JAMAICA highlighted its efforts to improve its scientific capacities in forest management, including in monitoring and assessment in support of science-based policy decisions. He noted that Jamaica’s forest cover has increased by 6% since 2013.

SURINAME said it cannot fully realize its forest, climate, and biodiversity goals without global solidarity and partnership, including scaling up financial and technical support and capacity building in forest monitoring and reporting and the creation of community-centered approaches.

SAUDI ARABIA discussed his country’s ambitious canopy project to plant six million trees and 13 million mangroves.

PERU highlighted his country’s work to promote carbon-neutral forest products and integrate these into national norms.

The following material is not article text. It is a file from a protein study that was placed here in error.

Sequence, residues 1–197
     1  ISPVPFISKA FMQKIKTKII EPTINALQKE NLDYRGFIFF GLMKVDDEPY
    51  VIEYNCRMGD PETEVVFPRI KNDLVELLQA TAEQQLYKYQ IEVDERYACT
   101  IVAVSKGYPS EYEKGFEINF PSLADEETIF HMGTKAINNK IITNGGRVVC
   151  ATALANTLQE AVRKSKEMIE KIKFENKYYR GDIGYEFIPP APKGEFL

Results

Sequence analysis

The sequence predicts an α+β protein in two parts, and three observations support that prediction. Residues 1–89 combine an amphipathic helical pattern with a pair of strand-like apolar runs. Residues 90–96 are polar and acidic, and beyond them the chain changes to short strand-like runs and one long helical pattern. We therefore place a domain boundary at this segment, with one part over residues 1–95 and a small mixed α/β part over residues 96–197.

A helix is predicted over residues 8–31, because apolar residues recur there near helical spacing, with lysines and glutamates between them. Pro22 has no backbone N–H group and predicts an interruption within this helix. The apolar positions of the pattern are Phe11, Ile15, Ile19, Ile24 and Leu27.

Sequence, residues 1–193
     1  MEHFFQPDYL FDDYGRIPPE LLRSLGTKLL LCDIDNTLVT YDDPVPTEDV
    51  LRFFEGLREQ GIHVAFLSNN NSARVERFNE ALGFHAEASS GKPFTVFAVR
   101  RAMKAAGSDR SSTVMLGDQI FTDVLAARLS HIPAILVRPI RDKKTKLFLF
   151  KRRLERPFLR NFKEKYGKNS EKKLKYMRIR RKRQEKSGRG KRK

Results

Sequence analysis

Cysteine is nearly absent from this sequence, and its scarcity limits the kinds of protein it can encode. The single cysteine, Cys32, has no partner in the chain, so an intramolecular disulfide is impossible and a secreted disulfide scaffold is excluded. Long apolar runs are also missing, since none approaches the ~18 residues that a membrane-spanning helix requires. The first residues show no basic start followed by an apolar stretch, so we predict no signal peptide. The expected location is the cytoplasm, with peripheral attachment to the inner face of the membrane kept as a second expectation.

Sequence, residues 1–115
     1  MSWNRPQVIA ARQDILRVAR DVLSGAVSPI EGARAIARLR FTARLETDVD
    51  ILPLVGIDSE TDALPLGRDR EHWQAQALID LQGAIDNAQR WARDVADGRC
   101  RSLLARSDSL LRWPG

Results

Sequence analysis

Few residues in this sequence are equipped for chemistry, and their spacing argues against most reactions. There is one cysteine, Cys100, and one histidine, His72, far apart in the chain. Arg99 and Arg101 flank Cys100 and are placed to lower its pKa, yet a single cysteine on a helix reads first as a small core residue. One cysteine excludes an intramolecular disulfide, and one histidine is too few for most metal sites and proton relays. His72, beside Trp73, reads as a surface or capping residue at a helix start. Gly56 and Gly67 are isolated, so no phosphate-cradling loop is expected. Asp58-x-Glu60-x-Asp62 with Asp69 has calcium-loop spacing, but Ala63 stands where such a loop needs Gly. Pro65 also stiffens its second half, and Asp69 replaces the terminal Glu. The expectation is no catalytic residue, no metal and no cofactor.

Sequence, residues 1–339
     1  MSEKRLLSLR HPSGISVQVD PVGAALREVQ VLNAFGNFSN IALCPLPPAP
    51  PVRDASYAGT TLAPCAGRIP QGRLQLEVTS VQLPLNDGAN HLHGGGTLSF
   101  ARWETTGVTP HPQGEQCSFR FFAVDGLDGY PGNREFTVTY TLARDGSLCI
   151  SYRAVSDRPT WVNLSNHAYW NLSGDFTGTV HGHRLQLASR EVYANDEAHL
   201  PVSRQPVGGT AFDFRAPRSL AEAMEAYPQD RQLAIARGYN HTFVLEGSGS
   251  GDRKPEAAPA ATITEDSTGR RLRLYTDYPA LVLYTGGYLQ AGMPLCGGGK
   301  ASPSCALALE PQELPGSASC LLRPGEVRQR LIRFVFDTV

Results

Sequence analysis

NEW ZEALAND encouraged the CPF and FAO to continue promotion of wood use, raising consumer awareness and demand for legally and sustainably-sourced wood products, and strategic collaboration between forestry and other land-based sectors like agriculture.

ALGERIA discussed its efforts to expand the “Green Dam” to 600,000 hectares, reforest 100,000 hectares by planting fruit trees, and initiate a special program on track and limit the spread of forest fires.

FRANCE urged greater coherence and complementarity in forestry efforts and emphasized his country’s forest partnerships with Papua New Guinea, the Republic of Congo, and the Democratic Republic of Congo.

Negotiations on the Draft High-Level Declaration and Omnibus Resolution

The informal group tackling the draft declaration met in the morning in parallel to the HLS and again after the HLS finished in the afternoon, being unable to finalize the declaration in time for adoption by the session. In that session the group was able to produce a final draft, leaving a placeholder for language on the bioeconomy to reflect what the omnibus resolution eventually agrees on.